Yossi Sarid, who died Friday, hated honey-drenched eulogies. The idea that only good can be spoken of the dead was as foreign to him as all other forms of flattery. He once said that whenever he wrote or said something in praise of someone, he lived to regret it – “so I decided to write only bad of people. That way, I’m never disappointed or sorry.”
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He gave this principle weekly expression in his op-eds for Haaretz over the last decade. In his biblical Hebrew, he mourned the illnesses of the country he loved – its spreading corruption, rising violence, overpowering racism and deteriorating politics, virtually stripped of the towering figures that surrounded him in the early Knessets. He mocked the leaders and those who presumed to become leaders. He exposed their nakedness. Had he received a dollar for every mask he tore off, he’d have been a millionaire.
He was very bitter – and didn’t try to hide it. He was bitter over the country’s wrong turns. He was also bitter that he never managed to make full use of his political talents. Perhaps he mourned missed opportunities, like his brief period as education minister, abruptly curtailed for political reasons.
National and personal sorrows often intertwined. His last years in politics weren’t good ones. The Meretz party he headed suffered repeated blows at the polls and became irrelevant. His table in the Knesset cafeteria, once bustling with journalists and young MKs who lapped up his stories and reveled in his wit, gradually emptied. He would sit alone, rarely making eye contact with those around him. Until he finally understood, and quit. Later, he admitted with characteristic honesty that he delayed his retirement too long, and those years of repression made him even more irritable.
Sarid was one of Israel’s greatest parliamentarians. Many laws bear his signature. But as he himself said, this wasn’t his crowning achievement: there are many laws, but few create real change. His true contribution to Israeli public life was norms, principles and standards, and the cruel mirror he held up to the public and his colleagues, which he viewed as a mission.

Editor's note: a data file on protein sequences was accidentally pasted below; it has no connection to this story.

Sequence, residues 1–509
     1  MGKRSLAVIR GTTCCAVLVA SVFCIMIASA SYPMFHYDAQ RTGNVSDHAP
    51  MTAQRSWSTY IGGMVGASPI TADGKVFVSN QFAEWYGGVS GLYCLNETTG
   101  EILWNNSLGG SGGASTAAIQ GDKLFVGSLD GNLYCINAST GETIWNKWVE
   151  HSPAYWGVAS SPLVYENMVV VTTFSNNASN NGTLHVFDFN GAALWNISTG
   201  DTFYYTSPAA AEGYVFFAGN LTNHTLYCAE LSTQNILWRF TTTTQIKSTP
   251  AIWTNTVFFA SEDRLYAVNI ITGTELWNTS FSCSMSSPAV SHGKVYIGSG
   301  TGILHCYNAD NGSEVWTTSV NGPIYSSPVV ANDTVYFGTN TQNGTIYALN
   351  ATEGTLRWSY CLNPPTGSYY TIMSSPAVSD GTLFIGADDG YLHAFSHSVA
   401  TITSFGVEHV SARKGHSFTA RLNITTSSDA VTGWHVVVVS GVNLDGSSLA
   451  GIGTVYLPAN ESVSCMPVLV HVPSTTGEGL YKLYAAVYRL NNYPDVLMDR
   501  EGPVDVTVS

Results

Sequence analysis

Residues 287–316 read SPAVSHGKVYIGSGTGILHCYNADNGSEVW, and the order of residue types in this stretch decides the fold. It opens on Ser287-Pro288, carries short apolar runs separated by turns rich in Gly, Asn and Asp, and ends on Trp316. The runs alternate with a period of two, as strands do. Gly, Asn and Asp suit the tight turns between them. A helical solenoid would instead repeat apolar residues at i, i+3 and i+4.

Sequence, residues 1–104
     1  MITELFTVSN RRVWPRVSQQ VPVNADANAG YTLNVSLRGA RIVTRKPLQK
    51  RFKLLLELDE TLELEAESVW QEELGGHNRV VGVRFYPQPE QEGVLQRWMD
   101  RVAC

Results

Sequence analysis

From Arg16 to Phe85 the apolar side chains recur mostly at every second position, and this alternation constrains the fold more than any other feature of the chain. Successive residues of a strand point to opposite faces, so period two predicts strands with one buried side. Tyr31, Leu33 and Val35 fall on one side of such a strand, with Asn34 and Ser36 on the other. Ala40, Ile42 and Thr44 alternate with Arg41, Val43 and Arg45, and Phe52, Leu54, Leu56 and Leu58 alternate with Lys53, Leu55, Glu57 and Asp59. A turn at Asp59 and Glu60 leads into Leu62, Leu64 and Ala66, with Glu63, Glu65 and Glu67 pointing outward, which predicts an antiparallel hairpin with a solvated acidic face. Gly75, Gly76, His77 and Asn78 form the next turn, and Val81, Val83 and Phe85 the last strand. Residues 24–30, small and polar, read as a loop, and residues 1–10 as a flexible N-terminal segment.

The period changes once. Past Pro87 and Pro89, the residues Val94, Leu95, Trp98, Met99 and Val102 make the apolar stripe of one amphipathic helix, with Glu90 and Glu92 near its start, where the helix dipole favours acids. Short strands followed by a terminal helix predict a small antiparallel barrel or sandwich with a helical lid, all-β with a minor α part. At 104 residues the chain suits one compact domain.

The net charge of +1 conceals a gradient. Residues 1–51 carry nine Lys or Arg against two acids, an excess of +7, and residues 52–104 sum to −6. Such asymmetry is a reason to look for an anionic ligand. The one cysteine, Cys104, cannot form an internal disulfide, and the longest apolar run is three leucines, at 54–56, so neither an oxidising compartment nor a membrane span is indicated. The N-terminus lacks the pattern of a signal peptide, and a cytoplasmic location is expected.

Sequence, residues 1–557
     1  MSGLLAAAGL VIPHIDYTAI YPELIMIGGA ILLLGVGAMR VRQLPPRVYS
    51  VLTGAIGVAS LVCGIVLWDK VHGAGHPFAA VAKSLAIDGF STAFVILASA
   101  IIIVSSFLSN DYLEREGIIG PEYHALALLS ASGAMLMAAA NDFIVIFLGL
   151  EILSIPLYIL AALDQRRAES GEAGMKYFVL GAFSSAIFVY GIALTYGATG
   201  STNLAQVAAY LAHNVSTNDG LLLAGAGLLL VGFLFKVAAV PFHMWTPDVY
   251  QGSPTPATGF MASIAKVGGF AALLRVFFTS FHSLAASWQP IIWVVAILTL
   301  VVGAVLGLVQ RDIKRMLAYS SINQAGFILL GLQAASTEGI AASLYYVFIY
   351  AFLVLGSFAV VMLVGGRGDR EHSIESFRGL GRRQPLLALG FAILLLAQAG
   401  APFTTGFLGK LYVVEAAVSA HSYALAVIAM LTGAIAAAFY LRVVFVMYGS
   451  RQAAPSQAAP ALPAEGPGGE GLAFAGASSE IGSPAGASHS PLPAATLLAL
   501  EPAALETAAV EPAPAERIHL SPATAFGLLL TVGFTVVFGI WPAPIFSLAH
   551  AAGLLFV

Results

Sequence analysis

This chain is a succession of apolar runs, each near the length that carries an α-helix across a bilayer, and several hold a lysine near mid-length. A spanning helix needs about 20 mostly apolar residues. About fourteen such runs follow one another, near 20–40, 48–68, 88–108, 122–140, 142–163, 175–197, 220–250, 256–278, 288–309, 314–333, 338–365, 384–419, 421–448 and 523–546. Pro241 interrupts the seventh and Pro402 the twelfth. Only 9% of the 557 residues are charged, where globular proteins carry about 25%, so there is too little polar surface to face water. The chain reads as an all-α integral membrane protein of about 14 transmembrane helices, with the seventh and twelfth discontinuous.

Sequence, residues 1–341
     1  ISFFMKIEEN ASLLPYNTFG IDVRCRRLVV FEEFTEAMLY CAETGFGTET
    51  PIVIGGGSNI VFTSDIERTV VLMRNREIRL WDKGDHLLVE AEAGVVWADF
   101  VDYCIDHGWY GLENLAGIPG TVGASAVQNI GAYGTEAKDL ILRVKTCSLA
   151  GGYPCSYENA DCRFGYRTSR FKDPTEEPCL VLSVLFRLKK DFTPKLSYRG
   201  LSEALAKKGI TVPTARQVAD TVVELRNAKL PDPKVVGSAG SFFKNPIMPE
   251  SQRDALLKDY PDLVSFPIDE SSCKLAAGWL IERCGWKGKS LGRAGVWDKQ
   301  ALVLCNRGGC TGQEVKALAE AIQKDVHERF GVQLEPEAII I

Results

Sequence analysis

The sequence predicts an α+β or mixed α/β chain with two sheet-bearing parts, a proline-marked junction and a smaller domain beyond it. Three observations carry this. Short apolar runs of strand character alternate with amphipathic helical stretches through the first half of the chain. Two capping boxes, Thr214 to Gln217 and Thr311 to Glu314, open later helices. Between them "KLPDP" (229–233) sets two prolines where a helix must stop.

This was rooted in three character traits: exceptional courage, personal honesty and uncompromising integrity. He was the only one who recognized what a disaster the 1982 Lebanon War was from its very first day. His immediate, harsh criticism of the war’s stewards – then-Defense Minister Ariel Sharon and then-Prime Minister Menachem Begin – made him an enemy of the people. The intensity of the hatred flung at him could have melted steel. But he was undeterred and refused to remain silent. And it didn’t take many weeks before most of the public switched to his side.
The same was true on the diplomatic front. His consistent support for ending the occupation and returning the territories was initially often viewed as treason. But Sarid was there from his first day in politics. It’s a miracle he reached 75 without being assassinated.
He was proud of polls from the 1980s that showed him as Israel’s most hated politician without compare. When Shimon Peres overtook him, he was disappointed. But perhaps this was only pretense because, ultimately, everyone wants to be loved.
If one had to choose a seminal moment in Sarid’s political career, it was his departure from the Labor Party after the 1984 election, when it formed a unity government with Likud. Sarid wasn’t willing to accept this. He was then 44, a political meteor who was widely considered a shoo-in to someday lead his party and become prime minister. But he unhesitatingly left his political home and wandered in the desert, to a tiny left-wing party called Citizens’ Rights Movement (Ratz), which later became Meretz.
He knew he was sealing his political fate and that, having pulled over onto the shoulder, he would never be able to get back on the highway and reach the summit. But his honesty, morality and integrity wouldn’t allow him to do otherwise.